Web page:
Following on from my Top 20 classic Italian films discussed in previous posts, while I was writing Cinema Italiano: The Complete Guide from Classics to Cult, I also compiled a ‘Top 20 cult movies’, which are more offbeat and well worth tracking down. Some of these are pretty rare, but over the next few posts I’ll describe where, if possible, to find them.
The Trojan War (Giorgio Ferroni, 1961)
Billed as a Steve Reeves vehicle, this recreation of the battle for Troy, via Homer’s myth, is one of the top Italian sword and sandal spectaculars, with large sets, a great score by Giovanni Fusco and a memorable supporting cast – Hedy Vessel makes the screen’s most beautiful Helen and Drew Barrymore’s father John Drew Barrymore played crafty Ulysses. It was shot in Italy and Yugoslavia and deploys hundreds of extras for its impressive battle scenes. Reeves plays Trojan hero Aeneas, who survives the sacking of the city and heads off to found Rome in the sequel, The Last Glory of Troy (1962, aka War of the Trojans).
The Trojan War is available under its US retitling The Trojan Horse, in the boxed set The Adventures of Hercules. This 7-film set also includes The Loves of Hercules (Hercules vs the Hydra) with Jayne Mansfield and Mickey Hargitay, Hercules Against the Sons of the Sun, Hercules Versus Moloch, The Lion of Thebes, The Triumph of Hercules and the entertaining Perseus the Invincible under the title The Medusa Against the Son of Hercules. All are panned-and-scanned prints, but are clear, in English (with optional English subtitles) and are far above the usual public domain pepla releases. As it says on the box, ‘a must-have for every collector’.
Buy it in the UK
Maciste in Hell (Riccardo Freda, 1962)
Kirk Morris plays mythological muscleman Maciste, who arrives in 17th century Scotland during a witch trial and travels into the bowels of the Earth to lift a centuries’ old curse. Hellish in its depiction of Hell (and with some hellish acting to boot), this one divides peplum fans – some rate it, some hate it. The vivid Hell scenes, with fires, torments and the writhing Damned, were staged in the grottoes of Castellana in the Apulia region of Italy, which are still open to the public today.
Maciste in Hell is available on Region 1 DVD in a barely-viewable print, under its alternative title, The Witch’s Curse in the UK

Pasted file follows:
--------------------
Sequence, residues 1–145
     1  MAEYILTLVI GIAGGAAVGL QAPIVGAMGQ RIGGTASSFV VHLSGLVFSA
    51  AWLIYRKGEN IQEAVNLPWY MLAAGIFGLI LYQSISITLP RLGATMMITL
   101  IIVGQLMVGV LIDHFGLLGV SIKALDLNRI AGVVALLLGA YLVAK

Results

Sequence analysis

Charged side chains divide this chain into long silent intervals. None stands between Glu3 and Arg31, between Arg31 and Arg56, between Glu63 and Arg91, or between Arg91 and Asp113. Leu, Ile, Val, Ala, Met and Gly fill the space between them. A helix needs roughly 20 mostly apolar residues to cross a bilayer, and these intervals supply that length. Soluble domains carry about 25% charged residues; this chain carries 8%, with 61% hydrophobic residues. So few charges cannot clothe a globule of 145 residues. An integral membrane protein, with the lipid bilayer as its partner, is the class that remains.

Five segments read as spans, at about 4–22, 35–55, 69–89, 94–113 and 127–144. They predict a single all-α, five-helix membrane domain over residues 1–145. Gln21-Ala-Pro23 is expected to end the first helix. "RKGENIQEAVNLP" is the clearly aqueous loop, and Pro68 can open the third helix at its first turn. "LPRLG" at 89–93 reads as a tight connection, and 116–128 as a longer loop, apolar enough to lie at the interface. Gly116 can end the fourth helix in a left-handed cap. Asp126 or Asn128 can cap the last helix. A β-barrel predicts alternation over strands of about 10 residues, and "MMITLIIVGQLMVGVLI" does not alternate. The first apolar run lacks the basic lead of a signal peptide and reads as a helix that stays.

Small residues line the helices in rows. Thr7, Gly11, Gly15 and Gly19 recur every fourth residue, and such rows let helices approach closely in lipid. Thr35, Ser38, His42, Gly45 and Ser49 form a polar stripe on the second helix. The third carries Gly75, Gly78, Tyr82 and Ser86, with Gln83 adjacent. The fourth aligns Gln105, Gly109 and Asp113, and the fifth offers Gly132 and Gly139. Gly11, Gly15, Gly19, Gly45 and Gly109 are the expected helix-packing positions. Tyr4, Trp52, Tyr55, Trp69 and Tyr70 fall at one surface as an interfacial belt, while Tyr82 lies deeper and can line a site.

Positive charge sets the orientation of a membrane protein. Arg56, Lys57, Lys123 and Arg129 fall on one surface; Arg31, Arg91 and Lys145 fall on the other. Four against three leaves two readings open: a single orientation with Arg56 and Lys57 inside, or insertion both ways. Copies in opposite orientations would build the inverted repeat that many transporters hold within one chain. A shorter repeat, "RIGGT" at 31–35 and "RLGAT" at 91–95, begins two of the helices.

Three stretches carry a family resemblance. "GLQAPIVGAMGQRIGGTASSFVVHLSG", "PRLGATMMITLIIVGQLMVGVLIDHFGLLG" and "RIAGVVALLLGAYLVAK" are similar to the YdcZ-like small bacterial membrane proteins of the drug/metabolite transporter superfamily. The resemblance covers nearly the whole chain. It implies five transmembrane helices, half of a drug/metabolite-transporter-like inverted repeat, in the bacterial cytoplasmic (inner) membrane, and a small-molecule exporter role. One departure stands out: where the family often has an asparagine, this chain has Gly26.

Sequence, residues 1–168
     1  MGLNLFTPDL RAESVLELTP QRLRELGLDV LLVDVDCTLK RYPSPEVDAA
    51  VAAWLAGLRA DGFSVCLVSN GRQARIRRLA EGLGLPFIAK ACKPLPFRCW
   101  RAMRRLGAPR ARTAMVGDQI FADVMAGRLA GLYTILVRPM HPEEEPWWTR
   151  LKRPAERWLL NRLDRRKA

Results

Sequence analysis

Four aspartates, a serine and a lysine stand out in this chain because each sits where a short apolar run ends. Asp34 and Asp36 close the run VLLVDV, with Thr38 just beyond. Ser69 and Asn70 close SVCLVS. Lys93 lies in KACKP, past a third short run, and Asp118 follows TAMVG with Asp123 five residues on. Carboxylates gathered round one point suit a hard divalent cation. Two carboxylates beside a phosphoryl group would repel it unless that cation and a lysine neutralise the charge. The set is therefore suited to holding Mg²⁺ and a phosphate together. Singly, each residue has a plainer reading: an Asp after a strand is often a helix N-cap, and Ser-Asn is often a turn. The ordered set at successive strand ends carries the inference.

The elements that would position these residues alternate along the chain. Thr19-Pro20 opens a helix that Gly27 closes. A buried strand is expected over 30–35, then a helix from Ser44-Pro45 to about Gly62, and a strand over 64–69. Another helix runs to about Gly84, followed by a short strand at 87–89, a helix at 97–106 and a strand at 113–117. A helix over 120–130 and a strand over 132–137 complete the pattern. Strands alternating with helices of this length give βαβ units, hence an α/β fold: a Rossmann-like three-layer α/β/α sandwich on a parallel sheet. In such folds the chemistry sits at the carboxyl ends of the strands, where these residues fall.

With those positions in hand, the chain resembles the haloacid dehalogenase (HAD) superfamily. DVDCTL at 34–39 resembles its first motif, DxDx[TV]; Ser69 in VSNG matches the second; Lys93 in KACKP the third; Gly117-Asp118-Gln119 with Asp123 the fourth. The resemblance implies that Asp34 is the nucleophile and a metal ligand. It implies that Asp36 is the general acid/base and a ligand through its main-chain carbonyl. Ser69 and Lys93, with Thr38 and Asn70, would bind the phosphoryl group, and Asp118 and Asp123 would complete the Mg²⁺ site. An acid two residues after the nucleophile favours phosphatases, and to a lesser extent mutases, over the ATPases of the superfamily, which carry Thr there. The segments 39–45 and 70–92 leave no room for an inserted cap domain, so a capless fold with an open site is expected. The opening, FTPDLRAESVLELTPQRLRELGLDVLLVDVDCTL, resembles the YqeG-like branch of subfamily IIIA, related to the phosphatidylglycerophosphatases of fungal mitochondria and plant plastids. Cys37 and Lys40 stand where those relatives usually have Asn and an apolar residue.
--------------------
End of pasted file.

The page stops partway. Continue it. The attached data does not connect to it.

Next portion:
A better print is on the better value double-disk, with a great widescreen print of Hercules against the Moon Men.
Sons of Thunder (Duccio Tessari, 1962)
Former stuntman Giuliano Gemma’s first starring role, this peplum send-up was filmed on picturesque locations in Italy and Spain and is a tour-de-force from former scriptwriter Tessari. He later worked regularly with Gemma in a variety of genres, most notably on the Ringo westerns, A Pistol for Ringo and The Return of Ringo (the latter was a reworking of Homer’s Odyssey in a post-American Civil War setting). Though it has been shown on TV in some territories with English subtitles, Sons of Thunder remains an obscure film. One of the best mythological epics ever made, its unavailability on DVD in an English-friendly release is mystifying.
You can currently see the entire film, in Italian, here
The Castle of the Living Dead (Warren Kiefer, 1964)
This cult Gothic horror about a troupe of travelling players trapped in a lunatic’s castle is celebrated for several reasons. It was co-directed by Michael Reeves, who later made Matthew Hopkins – Witchfinder General/The Conqueror Worm, before his untimely death in 1969. It stars Christopher Lee in one of his best Italian vehicles and Donald Sutherland in his film debut in not one, but two, roles. Sutherland plays a policeman investigating Count Drago (Lee) and his experiments in the atmospheric castle, and also appears heavily disguised as an old hag who talks in rhymes and warns travellers to avoid the count: ‘Some will live and some will die, before tomorrow’s sun is high’.
It has been released in the UK in 2012 by Odeon Entertainment in a very good print, in English.
In a bizarre link, Parco Di Mostri (Park of the Monsters), the eerie location used as Castle Drago’s grounds which is filled with unusual statues, is also featured in the BBC TV programme Monty Don’s Italian Gardens
, a series which visits several locations used in Italian cinema, including Villa Borghese in Rome.
Blood and Black Lace (Mario Bava, 1964)
Bava’s contemporary horror film lays the foundations for what later became ‘giallo’ psycho-thrillers, with a maniac knocking off models in a chic fashion house. It’s really just a colourful Krimi, but one made with imagination and a superb eye for visuals. Cameron Mitchell and Eva Bartok are the nominal stars, but the film’s real attraction is Bava’s camerawork. Carlo Rustichelli’s percussive jazz score is his best and is available on CD
The film was heavily cut for its original English language release, and video and DVD releases have been variable. Of the two UK videotape releases I’ve seen, one is the cut version, the other uncut. This one is uncut http://www.amazon.co.uk/Blood-Black-Lace-Cameron-Mitchell/dp/B00004U3ZU/ref=sr_1_sc_1?s=video&ie=UTF8&qid=1341572139&sr=1-1-spell
It’s also available on DVD on Region 1 in the UK